Some participants were worried that their ability to make appropriate inferences about their dogs’ immediate circumstances was limited by the fact that they might not have enough contextual information and that the tracker did not provide that for them. For example, the participant in HH10 worried that, based on his contextual knowledge of a territory, he might be able to infer that his dog was potentially in danger, but the tracker did not tell him what was actually happening to his dog: “If I see that he is in a dangerous place I am still very worried until I physically find him”. Similarly the participant in HH1 did not know if a stationary dot on the map actually meant injury. Later we discuss ways in which the technology could address these limitations and offer dog owners better support here by providing a more context-enriched signification system.

How humans construed the dogs’ reactions to the tracker

Some participants reported that the use of the tracker had influenced their dogs’ behavior and that the dogs had associated the device with specific categories of events. The participant in HH2, the dog trainer, commented about his collie: “We made a big fuss of the collar, so when we put it on him he thinks something good is going to happen”. Although only one dog wore the tracking collar, it appeared that the other dogs in the household also associated the collar with the imminence of an exciting event: “They also know that something good is going to happen so they are happy too”. According to the participant, the collar was a “comfort blanket” for the dog, who had associated it with a reassured and thus reassuring state in his human: “When we go somewhere new and put the collar on him he is more relaxed because I am more relaxed”. It is known that dogs respond to their humans’ emotional displays and the participant’s observations are backed by research showing that, presumably because of their coevolution with humans, dogs are able to read human facial expressions and body language. When asked how he could tell his dog responded to wearing the collar, he answered with a practical demonstration, while pointing the attention of the researcher to the dog’s body language: the human picks up the tracking collar; he calls the dog; the dog goes to him; the human stands still, holding the collar in front of him like a crown; the dog sits very close facing the human, with his nose straight up towards the collar now suspended above his head, vigorously wagging his tale and staring at the collar without taking his glance off it until the human slips the collar onto his neck; then the dog gets up and walks towards the door surrounded by the other dogs. In the experience of the participant this reaction was significant and specifically elicited by the tracking collar.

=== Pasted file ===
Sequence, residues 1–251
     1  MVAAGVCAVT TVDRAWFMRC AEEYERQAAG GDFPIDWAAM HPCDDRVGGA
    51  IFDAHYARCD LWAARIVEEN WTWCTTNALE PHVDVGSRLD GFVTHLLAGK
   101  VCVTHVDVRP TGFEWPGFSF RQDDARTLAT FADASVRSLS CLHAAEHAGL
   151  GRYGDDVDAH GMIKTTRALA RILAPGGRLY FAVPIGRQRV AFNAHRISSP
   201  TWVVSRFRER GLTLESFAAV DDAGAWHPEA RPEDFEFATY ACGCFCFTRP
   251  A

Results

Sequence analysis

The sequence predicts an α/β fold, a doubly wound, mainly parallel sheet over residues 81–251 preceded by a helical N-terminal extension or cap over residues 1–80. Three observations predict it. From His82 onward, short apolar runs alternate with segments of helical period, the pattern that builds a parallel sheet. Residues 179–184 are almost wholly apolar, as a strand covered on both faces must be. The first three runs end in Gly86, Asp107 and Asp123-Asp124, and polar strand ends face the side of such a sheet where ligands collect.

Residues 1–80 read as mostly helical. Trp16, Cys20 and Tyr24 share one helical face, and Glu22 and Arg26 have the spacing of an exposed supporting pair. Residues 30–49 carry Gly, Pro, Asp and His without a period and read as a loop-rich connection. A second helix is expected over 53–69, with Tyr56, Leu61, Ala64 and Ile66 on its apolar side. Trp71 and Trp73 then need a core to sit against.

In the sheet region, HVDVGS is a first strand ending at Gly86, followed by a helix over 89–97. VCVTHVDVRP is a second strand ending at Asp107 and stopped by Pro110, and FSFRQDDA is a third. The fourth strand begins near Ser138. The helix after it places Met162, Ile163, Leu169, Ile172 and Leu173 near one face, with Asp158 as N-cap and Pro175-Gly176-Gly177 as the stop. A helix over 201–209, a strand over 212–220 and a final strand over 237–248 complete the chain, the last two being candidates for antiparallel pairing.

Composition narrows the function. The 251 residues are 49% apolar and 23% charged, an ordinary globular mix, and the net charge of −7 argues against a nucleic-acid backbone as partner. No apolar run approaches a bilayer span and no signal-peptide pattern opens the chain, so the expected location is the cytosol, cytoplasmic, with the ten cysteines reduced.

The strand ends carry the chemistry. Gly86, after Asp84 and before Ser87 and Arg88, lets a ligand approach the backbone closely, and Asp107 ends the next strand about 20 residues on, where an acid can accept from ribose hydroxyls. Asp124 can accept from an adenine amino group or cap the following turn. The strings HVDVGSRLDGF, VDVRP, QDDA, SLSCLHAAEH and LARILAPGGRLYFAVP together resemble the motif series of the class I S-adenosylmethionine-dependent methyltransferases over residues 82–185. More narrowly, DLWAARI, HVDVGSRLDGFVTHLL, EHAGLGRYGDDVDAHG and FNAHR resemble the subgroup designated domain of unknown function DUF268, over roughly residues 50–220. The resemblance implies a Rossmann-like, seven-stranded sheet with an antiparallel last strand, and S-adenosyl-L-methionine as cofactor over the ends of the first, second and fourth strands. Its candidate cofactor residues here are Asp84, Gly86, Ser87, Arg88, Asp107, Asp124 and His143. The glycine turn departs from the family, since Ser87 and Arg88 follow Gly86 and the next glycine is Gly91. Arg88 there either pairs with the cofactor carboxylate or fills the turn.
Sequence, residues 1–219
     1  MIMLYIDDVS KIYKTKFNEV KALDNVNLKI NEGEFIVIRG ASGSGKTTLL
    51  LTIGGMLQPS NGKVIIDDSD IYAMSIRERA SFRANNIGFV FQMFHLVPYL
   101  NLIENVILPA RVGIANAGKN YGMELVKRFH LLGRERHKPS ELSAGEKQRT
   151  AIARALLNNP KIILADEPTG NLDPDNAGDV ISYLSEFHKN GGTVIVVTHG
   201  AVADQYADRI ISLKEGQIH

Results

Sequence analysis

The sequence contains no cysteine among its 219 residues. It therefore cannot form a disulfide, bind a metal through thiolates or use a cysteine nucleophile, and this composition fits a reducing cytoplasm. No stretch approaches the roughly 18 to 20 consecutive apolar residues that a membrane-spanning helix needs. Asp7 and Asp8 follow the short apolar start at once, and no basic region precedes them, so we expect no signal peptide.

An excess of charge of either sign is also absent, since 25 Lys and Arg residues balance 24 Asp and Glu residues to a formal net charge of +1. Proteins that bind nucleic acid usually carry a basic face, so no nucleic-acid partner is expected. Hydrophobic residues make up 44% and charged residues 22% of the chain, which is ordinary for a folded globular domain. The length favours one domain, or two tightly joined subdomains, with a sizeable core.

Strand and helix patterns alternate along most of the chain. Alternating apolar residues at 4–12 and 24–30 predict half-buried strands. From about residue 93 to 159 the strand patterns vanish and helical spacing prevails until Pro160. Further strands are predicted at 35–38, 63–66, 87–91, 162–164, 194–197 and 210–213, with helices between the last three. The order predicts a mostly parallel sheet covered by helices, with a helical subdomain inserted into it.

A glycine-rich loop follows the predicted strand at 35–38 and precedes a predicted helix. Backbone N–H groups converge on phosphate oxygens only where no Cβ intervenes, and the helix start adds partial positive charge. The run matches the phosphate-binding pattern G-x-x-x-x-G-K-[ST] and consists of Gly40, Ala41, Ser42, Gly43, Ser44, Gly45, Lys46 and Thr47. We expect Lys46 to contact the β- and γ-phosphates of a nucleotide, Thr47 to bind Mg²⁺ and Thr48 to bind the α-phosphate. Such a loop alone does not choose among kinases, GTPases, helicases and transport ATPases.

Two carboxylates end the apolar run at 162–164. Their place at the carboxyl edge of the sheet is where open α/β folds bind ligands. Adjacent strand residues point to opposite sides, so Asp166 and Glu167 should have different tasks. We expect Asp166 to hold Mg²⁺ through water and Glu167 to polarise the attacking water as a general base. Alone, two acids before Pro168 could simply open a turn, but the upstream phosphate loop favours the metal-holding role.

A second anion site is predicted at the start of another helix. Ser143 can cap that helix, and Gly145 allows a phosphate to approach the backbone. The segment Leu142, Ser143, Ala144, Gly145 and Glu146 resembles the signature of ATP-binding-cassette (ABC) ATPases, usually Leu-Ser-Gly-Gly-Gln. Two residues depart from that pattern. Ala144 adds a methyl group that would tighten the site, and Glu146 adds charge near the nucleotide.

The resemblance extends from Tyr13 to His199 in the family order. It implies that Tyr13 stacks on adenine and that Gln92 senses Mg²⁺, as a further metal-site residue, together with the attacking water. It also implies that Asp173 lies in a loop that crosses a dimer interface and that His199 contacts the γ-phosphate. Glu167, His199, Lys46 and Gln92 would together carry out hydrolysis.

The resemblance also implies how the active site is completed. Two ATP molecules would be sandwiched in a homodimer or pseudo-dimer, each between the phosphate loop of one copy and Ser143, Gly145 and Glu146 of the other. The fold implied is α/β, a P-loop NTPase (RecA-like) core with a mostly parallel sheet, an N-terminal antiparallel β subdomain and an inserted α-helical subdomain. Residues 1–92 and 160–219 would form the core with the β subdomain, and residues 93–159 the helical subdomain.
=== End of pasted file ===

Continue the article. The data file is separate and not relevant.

Similarly, others reported that their dogs had learnt to associate the collar with ‘going places’. The participant in HH9, hypothesized that his German shepherd might have associated the collar with being let off the leash, hence her excitement at the appearance of the device: “She knows she is going somewhere when we put it on…we let her have more space because of it…she may have associated the collar with that so is very excited about it”. Likewise, the participant in HH5, commented about her cross-breed rescue dog: “She associated the collar with the runs…the click [of the lock]of the collar on the neck meant fun time”. On the other hand, the participant in HH8, who only used the collar to monitor her dog when at home alone, commented: “She knows she is going to stay home when I put the collar on”.